High uranium levels are the first challenge; state, federal and international governments have strict rules about the transport of radioactive materials such as uranium.

An aerial view of one of the Olympic Dam mines. AP

Olympic Dam’s high uranium content forces BHP to fully process the ore right through to the end of the energy-intensive process that makes red sheets of metal, about one square meter in size.

Most other copper miners, including OZ, have less uranium in their geology so can transport and export their copper as a gray concentrate that looks like soil.

OZ’s concentrate is an intermediate product and so requires far less processing; the Adelaide company’s customers do the smelting of the concentrate to turn it into pure metal.

Uranium is not the only challenge; the orebody at Olympic Dam is enormous but very deep underground and the copper occurs inconsistently throughout it, which is the opposite of what mining companies prefer.

Bringing the high-grade concentrate from OZ’s two nearby mines and blending it with the stuff BHP digs up at Olympic Dam would enable BHP to deliver a more consistent and predictable product into its smelter and refinery.

The blended product would also likely contain more copper than BHP sometimes puts into the system; the same volumes of a higher grade feedstock would derive more copper out the back end of Olympic Dam.

“Often times, when people think about growth, it’s all around growth in production. Now, growing production is a big lever, but really we should be thinking about growth as being growth in value, ”said Henry in February, when talking about his attitude from him to M&A.

‘Single point failures’

Other challenges at Olympic Dam are man made; Western Mining built infrastructure befitting a mid-tier miner.

BHP would have done it very differently if it had built the mine.

The mine design, where the capacity of the mine is roughly the same as the capacity of the refinery and the smelter, means that if one part of the system fails or underperforms, the whole system underperforms.

In that sense, Olympic Dam runs more like an integrated steel mill than a mine; there is “just in time” delivery from one part to the next unless it struggles.

Insiders refer to this as Olympic Dam’s series of “single point failures”.

If BHP had access to extra copper concentrate volumes from OZ, the smelter and refinery at Olympic Dam would be the bottleneck in the system; a much better scenario than the mine being the bottleneck.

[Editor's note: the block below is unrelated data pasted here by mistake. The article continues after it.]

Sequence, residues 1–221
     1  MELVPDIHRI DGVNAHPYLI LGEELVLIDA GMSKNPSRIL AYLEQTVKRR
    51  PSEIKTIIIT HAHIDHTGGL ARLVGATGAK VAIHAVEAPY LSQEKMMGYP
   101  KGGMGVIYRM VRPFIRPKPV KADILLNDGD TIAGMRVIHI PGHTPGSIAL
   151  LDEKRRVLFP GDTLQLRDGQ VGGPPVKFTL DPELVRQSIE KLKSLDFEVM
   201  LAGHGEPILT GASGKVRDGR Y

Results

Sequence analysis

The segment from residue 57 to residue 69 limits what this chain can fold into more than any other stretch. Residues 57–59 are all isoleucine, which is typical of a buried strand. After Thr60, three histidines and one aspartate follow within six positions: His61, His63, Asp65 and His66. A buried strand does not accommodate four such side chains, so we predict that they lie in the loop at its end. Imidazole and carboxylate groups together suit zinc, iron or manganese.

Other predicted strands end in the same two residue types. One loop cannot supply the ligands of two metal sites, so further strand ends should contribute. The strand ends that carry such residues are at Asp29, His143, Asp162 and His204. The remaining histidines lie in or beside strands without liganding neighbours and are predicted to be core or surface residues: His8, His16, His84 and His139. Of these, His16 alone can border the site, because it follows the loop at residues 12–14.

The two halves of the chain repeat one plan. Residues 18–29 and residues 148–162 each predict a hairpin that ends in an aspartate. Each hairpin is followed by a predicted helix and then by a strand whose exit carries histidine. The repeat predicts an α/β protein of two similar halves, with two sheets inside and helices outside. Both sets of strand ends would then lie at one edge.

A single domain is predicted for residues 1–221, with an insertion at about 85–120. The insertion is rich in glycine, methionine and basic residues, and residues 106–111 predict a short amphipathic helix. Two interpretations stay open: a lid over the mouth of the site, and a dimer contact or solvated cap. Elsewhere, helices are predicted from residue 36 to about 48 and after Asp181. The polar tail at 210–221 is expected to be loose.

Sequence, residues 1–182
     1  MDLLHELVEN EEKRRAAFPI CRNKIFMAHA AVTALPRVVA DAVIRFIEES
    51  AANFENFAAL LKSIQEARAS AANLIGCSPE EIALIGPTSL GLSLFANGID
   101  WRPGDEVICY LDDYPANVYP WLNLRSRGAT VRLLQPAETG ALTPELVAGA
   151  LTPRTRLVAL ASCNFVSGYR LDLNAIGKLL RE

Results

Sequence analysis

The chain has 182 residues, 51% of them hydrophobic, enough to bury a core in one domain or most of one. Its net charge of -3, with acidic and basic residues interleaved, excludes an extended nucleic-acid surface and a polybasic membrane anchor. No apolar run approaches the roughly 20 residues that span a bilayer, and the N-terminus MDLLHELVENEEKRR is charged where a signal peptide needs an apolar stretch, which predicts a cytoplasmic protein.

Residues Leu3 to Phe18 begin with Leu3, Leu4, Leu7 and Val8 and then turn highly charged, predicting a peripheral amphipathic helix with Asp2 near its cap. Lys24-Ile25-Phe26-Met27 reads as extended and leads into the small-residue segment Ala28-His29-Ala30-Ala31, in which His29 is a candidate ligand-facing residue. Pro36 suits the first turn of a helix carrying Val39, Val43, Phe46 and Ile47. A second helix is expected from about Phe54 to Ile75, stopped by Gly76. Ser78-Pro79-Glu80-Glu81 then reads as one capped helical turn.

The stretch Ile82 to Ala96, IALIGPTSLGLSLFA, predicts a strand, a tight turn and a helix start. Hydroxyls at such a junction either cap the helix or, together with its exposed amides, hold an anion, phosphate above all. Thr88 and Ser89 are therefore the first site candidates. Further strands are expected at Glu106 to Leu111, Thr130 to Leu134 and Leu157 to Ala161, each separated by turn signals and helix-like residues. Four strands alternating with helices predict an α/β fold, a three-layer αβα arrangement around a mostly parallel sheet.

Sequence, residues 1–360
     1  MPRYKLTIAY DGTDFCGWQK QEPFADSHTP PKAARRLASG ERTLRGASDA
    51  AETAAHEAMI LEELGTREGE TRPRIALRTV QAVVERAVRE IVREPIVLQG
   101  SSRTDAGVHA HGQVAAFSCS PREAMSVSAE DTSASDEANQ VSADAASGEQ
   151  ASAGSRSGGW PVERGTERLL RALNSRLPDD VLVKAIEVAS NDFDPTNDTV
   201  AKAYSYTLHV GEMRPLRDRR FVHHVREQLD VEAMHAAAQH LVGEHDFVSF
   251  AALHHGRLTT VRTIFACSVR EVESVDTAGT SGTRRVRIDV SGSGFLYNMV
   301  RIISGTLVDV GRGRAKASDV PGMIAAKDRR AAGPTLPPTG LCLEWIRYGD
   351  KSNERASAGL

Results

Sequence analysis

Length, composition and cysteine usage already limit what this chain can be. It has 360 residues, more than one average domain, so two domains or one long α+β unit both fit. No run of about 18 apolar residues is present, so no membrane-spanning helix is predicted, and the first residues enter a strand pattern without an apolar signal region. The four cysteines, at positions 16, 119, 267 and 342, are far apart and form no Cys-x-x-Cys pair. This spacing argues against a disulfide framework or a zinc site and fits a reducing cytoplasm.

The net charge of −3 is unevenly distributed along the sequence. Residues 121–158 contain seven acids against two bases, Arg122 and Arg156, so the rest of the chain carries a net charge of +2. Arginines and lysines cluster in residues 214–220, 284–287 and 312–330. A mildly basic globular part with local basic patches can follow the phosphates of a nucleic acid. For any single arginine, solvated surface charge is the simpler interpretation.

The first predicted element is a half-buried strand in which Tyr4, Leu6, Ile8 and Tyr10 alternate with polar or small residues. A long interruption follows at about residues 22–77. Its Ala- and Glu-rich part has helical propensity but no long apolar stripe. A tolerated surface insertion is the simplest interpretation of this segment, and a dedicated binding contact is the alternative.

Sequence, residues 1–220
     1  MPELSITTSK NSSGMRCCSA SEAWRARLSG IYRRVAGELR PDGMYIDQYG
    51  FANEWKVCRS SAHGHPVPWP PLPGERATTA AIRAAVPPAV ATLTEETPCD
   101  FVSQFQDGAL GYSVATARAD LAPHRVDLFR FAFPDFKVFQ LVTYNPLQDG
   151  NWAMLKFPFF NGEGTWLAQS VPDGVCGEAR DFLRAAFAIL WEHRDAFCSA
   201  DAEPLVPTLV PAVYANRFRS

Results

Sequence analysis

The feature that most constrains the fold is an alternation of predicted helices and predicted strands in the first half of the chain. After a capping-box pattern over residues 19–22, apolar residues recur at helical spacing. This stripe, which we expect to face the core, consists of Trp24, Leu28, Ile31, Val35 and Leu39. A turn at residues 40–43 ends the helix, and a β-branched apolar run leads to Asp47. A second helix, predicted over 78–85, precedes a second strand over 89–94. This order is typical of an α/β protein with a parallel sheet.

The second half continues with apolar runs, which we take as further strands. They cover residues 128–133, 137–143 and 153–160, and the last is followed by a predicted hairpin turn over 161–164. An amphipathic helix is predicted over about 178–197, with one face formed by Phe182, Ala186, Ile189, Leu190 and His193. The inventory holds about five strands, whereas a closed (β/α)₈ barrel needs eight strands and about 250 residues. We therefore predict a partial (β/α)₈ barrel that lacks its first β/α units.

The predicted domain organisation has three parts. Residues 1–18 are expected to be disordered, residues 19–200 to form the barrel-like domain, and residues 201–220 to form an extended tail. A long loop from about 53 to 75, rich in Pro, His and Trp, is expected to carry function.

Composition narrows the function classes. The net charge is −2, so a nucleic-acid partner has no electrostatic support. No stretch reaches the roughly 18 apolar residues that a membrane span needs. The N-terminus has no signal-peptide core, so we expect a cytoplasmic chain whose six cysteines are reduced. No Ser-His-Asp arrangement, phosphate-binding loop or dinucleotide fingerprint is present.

BHP could fix Olympic Dam’s “single point failure” problem by building new mine shafts, concentrators, smelters and refineries, but it would be expensive; we can reasonably deduce that spending $8.3 billion buying OZ is the cheaper option.

There might also be productivity benefits at the two OZ mines – Prominent Hill and Carrapateena – if paired with Olympic Dam’s smelter and refinery.

OZ must mine selectively to avoid patches of ore that contain high levels of uranium because its regulators and customers won’t tolerate transportation of a concentrate with high uranium levels.

There have been numerous occasions in the past decade when a batch of ore from Prominent Hill was processed at Olympic Dam because it contained higher than normal levels of uranium.

Many believe uranium will become a bigger issue for OZ as its mines get older, the easiest bits of the resource have already been cherry-picked.

A full combination with BHP would reduce the need for Prominent Hill and Carrapateena to be mined selectively to avoid uranium, and that would probably deliver a productivity benefit and extend mine life.

OZ and BHP have talked on numerous occasions over the years about establishing a regular offtake agreement for OZ’s concentrate to be processed at Olympic Dam.

OZ has traditionally been reluctant to become too reliant on its big neighbor, and transactions have been sporadic.

If a merger can’t be struck, a deal for BHP to buy more of OZ’s concentrate could be a consolation prize.

“I think it makes strategic sense for BHP as it de-weights its exposure to iron ore and brings in a commodity that will become a more significant part of the portfolio,” says Bogdan.

“You want to be exposed to those metals that are going to be beneficiaries of decarbonisation and both copper and nickel form a key part of that.

“I think this transition that we are seeing is probably one of the most significant themes of the next decade.”